• Breast 430

  • Lung 650

  • Colorectal 290

  • Uterus 70

  • Ovary 150

  • Cervix 40


Why do we devote a lecture to this
Why do we devote a lecture to this?

  • Less common diagnosis in Canada because we have a health system that screens for and treats the premalignant phase (HSIL).

  • Family Doctors, Nurse Practitioners and General Gynecologists are responsible for this.


Histology
Histology

  • Squamous carcinoma 80 %

    • Arises from the squamous epithelium of the cervix in the transformation zone

  • Adenocarcinoma ~ 15-20 %

    • Arises from the columnar epithelium of the cervical canal

  • Rare types

    • Small Cell Neuroendocrine (like small cell lung cancer) treated same way

    • Glassy cell carcinoma - subtype of adenosquamous carcinomas

    • Adenoma Malignum (minimal deviation adenocarcinoma)

    • Clear cell carcinoma-DES exposed

Don’t need to know the rare types


Patterns of spread
Patterns of Spread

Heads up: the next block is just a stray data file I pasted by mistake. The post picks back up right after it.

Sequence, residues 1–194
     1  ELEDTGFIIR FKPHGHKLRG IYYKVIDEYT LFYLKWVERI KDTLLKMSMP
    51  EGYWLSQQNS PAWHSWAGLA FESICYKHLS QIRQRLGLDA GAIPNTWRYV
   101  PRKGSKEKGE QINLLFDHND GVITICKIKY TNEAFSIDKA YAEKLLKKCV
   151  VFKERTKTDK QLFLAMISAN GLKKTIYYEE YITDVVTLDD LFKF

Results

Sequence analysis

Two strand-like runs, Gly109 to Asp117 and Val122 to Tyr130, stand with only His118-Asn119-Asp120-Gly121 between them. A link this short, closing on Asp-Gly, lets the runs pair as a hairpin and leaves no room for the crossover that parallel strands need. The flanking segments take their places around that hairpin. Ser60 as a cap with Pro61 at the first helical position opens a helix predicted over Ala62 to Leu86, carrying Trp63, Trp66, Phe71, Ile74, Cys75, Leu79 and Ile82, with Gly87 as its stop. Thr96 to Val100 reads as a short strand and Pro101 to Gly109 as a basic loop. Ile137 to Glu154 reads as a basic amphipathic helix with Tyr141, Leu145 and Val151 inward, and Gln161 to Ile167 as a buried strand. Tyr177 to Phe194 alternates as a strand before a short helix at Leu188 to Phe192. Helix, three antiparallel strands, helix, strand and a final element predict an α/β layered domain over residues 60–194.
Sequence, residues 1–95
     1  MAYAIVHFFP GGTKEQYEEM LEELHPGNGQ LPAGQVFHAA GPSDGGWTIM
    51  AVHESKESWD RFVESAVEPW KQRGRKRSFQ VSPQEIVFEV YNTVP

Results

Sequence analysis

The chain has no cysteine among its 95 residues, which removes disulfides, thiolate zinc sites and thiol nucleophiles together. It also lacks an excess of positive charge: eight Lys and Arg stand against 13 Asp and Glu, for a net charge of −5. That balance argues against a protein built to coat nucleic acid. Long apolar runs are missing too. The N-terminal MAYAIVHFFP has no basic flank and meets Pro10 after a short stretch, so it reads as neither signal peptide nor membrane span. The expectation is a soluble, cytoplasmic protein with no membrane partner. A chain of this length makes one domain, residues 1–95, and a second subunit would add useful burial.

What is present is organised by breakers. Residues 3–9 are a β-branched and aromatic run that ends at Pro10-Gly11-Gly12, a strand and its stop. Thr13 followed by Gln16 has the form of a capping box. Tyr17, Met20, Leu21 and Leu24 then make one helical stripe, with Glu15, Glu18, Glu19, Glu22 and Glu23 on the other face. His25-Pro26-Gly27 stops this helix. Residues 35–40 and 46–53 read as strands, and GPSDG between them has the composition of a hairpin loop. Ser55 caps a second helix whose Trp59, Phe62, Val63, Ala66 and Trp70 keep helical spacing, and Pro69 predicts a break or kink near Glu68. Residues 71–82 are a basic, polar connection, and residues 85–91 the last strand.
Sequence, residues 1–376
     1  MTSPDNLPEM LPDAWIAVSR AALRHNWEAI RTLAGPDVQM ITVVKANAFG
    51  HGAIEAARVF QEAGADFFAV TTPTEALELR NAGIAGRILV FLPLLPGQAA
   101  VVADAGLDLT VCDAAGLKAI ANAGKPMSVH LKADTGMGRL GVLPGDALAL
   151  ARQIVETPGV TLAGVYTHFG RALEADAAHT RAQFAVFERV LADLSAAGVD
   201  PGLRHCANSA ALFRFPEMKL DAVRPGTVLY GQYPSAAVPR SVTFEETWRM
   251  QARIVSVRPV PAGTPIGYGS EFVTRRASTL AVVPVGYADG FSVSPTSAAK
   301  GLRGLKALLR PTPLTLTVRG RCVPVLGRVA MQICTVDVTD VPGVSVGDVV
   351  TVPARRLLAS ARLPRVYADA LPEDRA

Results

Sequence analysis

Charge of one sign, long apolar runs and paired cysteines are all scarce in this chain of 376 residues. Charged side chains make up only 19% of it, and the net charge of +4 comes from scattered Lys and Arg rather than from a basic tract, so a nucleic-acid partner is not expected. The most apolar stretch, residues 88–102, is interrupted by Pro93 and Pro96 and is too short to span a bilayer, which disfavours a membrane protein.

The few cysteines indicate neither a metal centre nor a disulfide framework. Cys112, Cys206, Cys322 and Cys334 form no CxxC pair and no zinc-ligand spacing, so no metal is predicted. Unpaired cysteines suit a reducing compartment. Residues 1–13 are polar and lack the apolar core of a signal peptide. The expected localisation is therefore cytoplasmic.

• Nodal

    • Stepwise progression

    • Obturator/internal iliac/common iliac/ paraaortic

  • Direct invasion

    • Rarely into bladder or rectum or up into uterus

    • Commonly laterally along parametrium (cardinal ligaments) and/or down vagina


Presentation
Presentation

  • Abnormal pap smear (but most abnormal smears are not cancer)

  • Abnormal vaginal bleeding

    • Intermenstrual

    • Postcoital

    • Postmenopausal

  • Vaginal Discharge, usually purulent

  • Pain-late symptom of advanced disease

  • Renal Failure- Bilateral ureteric obstruction-late symptom of advanced disease


Physical findings
Physical Findings

  • General physical exam including nodal sites

  • Bimanual exam

    • Hard and/or enlarged cervix (or normal)

    • rectovaginal exam to detect lateral spread into parametrium

  • On speculum exam

    • Normal exam often for women with abnormal pap

    • Fungating lesion

    • Ulcer


Investigations only some are allowed for stage assignment
Investigations (only some are allowed for stage assignment)

  • Chest X-ray

  • Cone biopsy (only in early or suspected cases)

  • Examination under Anaesthesia (optional)

  • Cystoscopy (bladder) and Sigmoidoscopy(optional)

  • CT scan of Abdomen and Pelvis To assess pelvic and paraaortic nodes, ureters and location of the kidneys (parametria)

  • MRI/PET


Stage 1 disease
Stage 1 disease

  • Stage 1

    • Primary disease is confined to the cervix

    • 1a1 - microinvasive (squamous only)

      • < 3 mm invasion, no vascular space involvement

      • Cone biopsy necessary for diagnosis (pathologic staging)

  • 1a2 - 3- 5 mm invasion